Woe betide the grade-school-age lad who finds himself in a movie by writing-directing duo David Charbonier and Justin Powell: He may survive their plotlines, but it won’t be pretty. Their official first feature, “The Boy Behind the Door” (which will debut on streaming platform Shudder July 29) found two such kids fighting for their lives […]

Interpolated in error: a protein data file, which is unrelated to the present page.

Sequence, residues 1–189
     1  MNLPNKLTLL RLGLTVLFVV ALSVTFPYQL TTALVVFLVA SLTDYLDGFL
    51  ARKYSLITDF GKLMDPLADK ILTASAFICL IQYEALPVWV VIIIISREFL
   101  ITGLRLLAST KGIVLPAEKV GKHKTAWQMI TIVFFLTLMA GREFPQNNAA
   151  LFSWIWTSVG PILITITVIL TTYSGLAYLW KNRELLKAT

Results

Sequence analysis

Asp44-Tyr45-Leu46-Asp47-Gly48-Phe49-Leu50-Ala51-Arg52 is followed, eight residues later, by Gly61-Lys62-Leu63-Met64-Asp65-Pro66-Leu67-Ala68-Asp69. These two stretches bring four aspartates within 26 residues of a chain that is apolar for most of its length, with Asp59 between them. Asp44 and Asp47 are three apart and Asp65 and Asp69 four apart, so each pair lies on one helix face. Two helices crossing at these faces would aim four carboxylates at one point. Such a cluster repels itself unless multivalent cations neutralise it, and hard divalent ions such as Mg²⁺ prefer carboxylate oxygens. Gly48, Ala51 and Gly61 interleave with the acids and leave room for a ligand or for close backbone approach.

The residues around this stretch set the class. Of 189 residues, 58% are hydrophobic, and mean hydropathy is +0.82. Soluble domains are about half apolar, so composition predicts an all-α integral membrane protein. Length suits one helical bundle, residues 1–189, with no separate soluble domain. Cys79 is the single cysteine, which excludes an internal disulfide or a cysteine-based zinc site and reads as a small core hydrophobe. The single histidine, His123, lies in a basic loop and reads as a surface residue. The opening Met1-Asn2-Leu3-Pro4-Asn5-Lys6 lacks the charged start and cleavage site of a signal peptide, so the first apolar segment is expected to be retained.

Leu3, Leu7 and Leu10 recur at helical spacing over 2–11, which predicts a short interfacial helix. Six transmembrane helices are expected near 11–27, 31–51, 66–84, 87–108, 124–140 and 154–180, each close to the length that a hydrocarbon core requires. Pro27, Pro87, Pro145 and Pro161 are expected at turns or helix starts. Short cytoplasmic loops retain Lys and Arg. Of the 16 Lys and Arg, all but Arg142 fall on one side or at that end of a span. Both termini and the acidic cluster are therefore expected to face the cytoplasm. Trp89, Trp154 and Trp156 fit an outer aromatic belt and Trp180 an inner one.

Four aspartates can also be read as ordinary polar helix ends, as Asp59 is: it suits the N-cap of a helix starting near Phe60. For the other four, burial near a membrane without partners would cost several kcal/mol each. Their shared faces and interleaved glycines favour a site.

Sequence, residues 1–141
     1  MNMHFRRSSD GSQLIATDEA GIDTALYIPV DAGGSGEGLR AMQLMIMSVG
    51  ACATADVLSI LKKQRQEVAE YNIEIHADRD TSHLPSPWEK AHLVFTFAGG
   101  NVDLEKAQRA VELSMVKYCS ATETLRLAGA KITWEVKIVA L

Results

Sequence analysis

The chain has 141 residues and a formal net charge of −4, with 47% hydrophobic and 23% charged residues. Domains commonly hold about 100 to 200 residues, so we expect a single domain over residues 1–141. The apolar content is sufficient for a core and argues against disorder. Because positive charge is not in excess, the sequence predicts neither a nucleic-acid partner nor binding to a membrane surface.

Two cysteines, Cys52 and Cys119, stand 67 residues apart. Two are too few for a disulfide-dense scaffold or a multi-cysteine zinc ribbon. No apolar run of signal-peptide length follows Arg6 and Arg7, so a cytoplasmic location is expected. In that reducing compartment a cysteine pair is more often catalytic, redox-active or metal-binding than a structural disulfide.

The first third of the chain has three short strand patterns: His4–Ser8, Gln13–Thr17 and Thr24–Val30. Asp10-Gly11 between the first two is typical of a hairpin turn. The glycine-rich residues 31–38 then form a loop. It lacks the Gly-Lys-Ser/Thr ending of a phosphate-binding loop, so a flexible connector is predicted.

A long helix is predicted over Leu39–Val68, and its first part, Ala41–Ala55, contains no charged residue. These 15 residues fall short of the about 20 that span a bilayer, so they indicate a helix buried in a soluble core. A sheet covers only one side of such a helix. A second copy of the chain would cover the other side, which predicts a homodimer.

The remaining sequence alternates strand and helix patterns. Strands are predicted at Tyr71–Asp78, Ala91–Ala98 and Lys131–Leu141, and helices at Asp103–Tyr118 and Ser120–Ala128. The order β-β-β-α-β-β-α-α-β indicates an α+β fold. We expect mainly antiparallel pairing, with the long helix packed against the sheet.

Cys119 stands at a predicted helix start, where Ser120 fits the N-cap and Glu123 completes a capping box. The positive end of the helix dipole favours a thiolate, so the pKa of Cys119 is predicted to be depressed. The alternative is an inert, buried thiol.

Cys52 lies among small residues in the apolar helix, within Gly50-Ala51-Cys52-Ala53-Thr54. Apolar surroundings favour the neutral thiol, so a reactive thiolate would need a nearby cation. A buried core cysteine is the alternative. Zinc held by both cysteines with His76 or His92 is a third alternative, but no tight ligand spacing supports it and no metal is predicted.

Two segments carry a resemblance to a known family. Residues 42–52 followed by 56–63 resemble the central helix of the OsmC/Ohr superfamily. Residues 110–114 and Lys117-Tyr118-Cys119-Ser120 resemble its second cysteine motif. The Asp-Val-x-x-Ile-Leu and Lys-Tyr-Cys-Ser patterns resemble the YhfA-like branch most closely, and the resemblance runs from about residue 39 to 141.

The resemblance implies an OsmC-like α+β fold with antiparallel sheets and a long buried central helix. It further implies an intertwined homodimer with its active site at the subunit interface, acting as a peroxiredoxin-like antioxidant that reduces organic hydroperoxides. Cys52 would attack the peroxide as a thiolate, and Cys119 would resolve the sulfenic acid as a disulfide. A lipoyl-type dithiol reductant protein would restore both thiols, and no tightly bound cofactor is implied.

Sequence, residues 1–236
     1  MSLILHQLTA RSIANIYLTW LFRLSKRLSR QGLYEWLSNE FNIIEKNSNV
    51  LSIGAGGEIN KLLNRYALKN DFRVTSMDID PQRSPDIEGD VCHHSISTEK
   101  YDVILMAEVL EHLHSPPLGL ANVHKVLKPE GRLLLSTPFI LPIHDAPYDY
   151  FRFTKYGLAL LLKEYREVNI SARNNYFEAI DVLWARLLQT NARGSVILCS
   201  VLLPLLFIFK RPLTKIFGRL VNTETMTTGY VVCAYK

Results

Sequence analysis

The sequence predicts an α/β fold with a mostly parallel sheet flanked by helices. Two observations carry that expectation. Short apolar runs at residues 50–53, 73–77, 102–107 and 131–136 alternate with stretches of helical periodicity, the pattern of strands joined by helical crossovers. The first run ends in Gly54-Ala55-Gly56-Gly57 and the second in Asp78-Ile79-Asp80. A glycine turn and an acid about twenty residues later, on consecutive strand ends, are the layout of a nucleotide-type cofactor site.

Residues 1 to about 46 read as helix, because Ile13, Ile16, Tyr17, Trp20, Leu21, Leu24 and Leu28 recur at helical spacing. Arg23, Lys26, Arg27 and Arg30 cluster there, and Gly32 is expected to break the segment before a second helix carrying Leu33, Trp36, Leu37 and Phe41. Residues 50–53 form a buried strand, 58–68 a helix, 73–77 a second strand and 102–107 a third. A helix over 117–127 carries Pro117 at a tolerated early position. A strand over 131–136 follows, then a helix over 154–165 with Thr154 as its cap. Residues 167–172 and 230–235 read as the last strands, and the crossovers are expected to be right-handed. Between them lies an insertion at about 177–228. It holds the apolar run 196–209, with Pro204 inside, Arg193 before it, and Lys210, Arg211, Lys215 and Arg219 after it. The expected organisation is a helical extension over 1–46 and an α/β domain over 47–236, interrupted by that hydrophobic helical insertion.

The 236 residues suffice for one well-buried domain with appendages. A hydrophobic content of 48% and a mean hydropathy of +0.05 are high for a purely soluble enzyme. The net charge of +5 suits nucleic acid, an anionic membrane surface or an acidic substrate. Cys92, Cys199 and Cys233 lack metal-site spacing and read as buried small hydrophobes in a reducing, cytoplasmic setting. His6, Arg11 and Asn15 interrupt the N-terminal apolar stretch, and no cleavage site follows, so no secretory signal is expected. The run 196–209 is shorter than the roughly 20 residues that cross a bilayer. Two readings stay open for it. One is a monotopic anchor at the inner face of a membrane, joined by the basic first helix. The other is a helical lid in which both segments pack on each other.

ATLANTA (AP) — Teoscar Hernández hit two homers and drove in three runs, Hyun Jin Ryu pitched seven sharp innings and the Toronto Blue Jays beat Atlanta 4-1 on a cold Wednesday night to continue their dominance of the Braves. Toronto improved to 5-0 against the Braves this season and have outscored them 35-16. William Contreras hit a long homer in the fifth for the only run allowed by Ryu (3-2). Ryu gave up five hits, struck out six and walked one. Reliever Tyler Chatwood retired Ronald Acuña Jr., Freddie Freeman and Marcell Ozuna in the eighth. A.J. Cole pitched the ninth for his first save. Hernández hit the first pitch thrown by right-hander Luke Jackson (1-1) in the seventh over the center-field wall, giving Toronto a 2-1 lead. He added a two-run shot 464 feet to left-center off Josh Tomlin in the ninth. On Tuesday, Hernández had a go-ahead infield single in the eighth in a 5-3 win over Atlanta. The temperature for the first pitch was a brisk 52 degrees. Fans wore jackets and stocking caps and huddled under blankets, an unusual necessity for Atlanta in May. Contreras pulled a knee-high pitch from Ryu 463 feet into the seats in left field for his second homer. The drive came exactly one week after Contreras, the younger brother of Chicago Cubs All-Star catcher Willson Contreras, hit his first homer at Washington. The Blue Jays pulled even in the sixth. Cavan Biggio walked, stole second and scored on Marcus Semien's double to the left-field wall. Semien extended his hitting streak to 11 games. The Blue Jays had runners thrown out on the bases in each of the first two innings. Bo Bichette singled in the first and took a wide turn around first base when the ball bounced under the glove of Acuña in right field. Acuña recovered quickly and threw Bichette out at first base in a call confirmed on a replay challenge. Hernández walked to lead off the second and was caught stealing following a pickoff throw by left-hander Max Fried. Fried allowed only two hits and one run in six innings. The strong start by Fried, who began the night with an 8.44 ERA, was especially important after the Braves learned right-hander Mike Soroka might not pitch this season. Before the game, Braves manager Brian Snitker said Soroka suffered a setback in his recovery from surgery to repair his torn right Achilles tendon suffered last season. Soroka will have a second surgery early next week in Green Bay, Wisconsin, to determine the cause of renewed discomfort. Fried was denied in his bid to become the first pitcher to win his first eight interleague starts. He was 7-0 with a 2.18 ERA in his first eight starts against American League teams. TRAINER’S ROOM Blue Jays: OF George Springer (right quad strain) hit in the cage and plans to begin running on Thursday. INF Joe Panik (calf) also hit in the cage as neither team took normal batting practice outside following rain most of the day. Braves: RHP Chris Martin (right shoulder inflammation) was reinstated from the 10-day injured list. Martin was scheduled to pitch a second consecutive day with Triple-A Gwinnett. Snitker said he decided “we might as well do it here.” ... LHP Grant Dayton (left thigh inflammation) was placed on the 10-day injured list, retroactive to May 9. LHP Sean Newcomb, who was recalled from Triple-A Gwinnett, pitched the eighth. ... RHP Bryse Wilson was optioned to Gwinnett after allowing two runs in six innings on Tuesday night. UP NEXT The Blue Jays will complete their 11-day, 10-game road trip on Thursday when RHP Ross Stripling (0-1, 6.61) faces Braves RHP Charlie Morton (2-2, 4.98). ___ More AP MLB: https://apnews.com/hub/MLB and https://twitter.com/AP_Sports Charles Odum, The Associated Press